We try to remind ourselves that even though our students are bombarded with visual stimuli, they don’t always grasp how to parse the incoming images. We’ve cautioned before against assuming that students can intuitively “read” pictures and graphics.
If graphicacy refers to the roster of skills necessary to comprehend optical inputs, then we can communicate these skills by teaching the decoding and encoding of visual data. For us, decoding means judging, evaluating, challenging, or knowing the message underlying a cartoon, chart, or corporate brand. Encoding, on the other hand, is often the overlooked sibling in education. Encoding in many ways is the truer test of internalization, because it involves the ability to produce unique representations that reveal the layered skills of graphicacy. For us, encoding means creating, drawing, writing, or designing original and meaningful graphics.
Balchin and Coleman (1965) first introduced the term graphicacy to refer mostly to geography education. They meant to emphasize a spatial understanding that could not be conveyed solely by words or numbers. In his noteworthy paper, “Graphicacy As A Form Of Communication,” P.D. Wilmot (1999) of South Africa’s Rhodes University builds on Balchin’s, Coleman’s, and other scholars’ work to argue that an inclusive curriculum in graphicacy must be added to national standards.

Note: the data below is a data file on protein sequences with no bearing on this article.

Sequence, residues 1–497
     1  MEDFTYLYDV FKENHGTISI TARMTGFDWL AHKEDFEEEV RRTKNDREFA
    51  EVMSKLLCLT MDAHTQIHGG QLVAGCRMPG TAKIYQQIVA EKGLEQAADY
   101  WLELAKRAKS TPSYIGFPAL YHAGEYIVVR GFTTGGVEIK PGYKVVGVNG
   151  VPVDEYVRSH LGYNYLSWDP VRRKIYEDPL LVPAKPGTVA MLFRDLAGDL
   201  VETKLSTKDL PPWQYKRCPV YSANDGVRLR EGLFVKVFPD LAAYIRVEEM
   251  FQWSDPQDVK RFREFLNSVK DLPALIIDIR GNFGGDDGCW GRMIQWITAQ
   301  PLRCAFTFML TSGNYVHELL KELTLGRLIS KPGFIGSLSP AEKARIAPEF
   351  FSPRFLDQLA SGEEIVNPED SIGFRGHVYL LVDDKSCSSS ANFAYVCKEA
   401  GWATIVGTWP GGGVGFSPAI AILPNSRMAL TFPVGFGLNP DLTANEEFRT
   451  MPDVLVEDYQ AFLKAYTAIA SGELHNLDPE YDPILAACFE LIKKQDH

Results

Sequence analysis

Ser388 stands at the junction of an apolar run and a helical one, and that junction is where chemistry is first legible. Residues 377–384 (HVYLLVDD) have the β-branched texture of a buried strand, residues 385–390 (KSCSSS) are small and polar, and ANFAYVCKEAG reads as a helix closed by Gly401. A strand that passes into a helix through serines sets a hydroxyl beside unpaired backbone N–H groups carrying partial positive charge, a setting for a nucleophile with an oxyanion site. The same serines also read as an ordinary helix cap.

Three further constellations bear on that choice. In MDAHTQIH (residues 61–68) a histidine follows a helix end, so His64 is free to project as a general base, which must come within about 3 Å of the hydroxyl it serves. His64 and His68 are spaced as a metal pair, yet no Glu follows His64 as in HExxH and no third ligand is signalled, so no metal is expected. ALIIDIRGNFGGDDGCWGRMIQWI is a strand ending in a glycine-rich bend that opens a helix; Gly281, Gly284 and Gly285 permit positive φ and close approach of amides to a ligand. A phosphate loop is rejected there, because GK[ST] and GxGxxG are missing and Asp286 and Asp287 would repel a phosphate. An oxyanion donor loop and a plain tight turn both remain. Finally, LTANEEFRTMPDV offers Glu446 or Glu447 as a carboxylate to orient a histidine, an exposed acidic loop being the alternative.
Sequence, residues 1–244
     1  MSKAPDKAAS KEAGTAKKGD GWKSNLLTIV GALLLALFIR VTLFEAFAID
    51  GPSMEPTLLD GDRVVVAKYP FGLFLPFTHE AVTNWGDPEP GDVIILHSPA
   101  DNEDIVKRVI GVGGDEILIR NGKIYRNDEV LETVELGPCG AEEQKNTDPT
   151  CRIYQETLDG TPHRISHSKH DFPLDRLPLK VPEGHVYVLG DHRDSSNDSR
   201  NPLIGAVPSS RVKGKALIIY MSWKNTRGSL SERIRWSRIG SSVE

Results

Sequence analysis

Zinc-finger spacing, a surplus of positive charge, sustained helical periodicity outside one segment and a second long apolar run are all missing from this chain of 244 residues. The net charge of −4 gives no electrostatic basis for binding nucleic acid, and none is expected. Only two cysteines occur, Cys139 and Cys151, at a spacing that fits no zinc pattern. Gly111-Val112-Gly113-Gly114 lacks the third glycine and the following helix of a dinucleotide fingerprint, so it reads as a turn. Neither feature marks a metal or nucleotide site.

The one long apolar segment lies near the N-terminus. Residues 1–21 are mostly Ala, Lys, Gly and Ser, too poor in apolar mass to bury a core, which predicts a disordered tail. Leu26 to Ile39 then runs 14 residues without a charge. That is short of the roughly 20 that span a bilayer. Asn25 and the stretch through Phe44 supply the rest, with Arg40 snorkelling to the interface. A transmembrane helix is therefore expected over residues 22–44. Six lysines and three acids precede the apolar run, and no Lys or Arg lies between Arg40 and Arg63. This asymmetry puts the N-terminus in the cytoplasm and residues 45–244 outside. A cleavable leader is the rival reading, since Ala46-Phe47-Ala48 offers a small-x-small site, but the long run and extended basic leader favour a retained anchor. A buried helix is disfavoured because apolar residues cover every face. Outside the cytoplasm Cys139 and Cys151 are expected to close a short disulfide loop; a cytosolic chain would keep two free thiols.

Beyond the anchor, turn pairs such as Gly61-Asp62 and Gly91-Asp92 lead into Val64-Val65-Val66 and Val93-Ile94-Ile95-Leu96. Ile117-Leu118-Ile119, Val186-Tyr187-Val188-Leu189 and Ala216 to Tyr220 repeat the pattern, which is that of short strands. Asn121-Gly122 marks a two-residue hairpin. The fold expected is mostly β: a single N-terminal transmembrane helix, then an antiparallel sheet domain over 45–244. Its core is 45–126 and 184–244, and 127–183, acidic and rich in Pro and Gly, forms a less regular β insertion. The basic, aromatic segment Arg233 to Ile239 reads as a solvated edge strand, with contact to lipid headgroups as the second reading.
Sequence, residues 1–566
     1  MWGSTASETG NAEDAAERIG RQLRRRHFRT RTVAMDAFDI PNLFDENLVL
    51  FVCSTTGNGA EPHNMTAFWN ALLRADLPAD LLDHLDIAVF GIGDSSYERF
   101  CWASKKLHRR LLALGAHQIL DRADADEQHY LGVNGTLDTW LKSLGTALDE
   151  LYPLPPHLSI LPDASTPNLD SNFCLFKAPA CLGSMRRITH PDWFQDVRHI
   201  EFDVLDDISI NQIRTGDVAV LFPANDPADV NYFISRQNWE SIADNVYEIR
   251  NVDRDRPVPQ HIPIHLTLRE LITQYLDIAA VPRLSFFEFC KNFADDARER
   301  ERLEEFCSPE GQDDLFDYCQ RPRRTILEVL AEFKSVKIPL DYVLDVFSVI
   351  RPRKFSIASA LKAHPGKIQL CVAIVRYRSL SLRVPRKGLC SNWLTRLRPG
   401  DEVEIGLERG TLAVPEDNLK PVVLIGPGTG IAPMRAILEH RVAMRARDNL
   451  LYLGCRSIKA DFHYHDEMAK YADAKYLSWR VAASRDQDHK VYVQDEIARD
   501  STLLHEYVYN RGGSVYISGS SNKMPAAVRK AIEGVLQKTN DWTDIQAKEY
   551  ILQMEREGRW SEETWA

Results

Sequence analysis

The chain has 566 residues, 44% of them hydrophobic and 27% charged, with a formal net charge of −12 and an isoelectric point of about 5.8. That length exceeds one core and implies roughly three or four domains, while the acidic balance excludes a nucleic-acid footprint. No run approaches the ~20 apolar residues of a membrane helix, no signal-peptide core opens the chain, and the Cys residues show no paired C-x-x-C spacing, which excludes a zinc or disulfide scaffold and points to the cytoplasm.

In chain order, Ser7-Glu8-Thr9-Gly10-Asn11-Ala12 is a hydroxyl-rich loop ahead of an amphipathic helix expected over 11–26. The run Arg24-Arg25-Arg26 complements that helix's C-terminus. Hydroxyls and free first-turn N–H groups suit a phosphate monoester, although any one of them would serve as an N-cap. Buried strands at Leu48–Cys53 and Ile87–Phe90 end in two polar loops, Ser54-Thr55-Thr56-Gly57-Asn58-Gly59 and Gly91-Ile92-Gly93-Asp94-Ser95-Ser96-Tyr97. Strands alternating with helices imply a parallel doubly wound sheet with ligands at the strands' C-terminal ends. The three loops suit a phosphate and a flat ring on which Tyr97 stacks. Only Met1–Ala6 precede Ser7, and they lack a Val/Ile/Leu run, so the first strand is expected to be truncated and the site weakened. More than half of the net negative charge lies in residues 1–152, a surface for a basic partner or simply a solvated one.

Wilmot posits that graphicacy is equal to other literacies of oracy, literacy, and numeracy. Everyday encounters with pictorial representations, such as infographics, matrices, maps, logos, diagrams, word clouds, and icons, all require a “symbolic language” to translate ideas about “spatial relationships.” (p. 91)
Wilmot explains that specific mental skills are necessary to understand (decode) and to create (encode) graphic items. As he notes, “because perception involves both a physical process of ‘seeing’ and an intellectual one of interpreting, it is bound up with the development of cognitive skills.” (p. 93)
Most interesting in Wilmot’s thesis is that in scrutinizing early papers about information saturation (Fry, Gillespie, Glasgow, Van Harmelen & Boltt), he in many ways presages the modern harbingers of information overload (Palfrey & Gasser, Gleick, Weskamp, ASIDE). If the verdict is in about visual strain, then we genuinely “can no longer afford to neglect graphicacy as a form of communication.” (p. 92)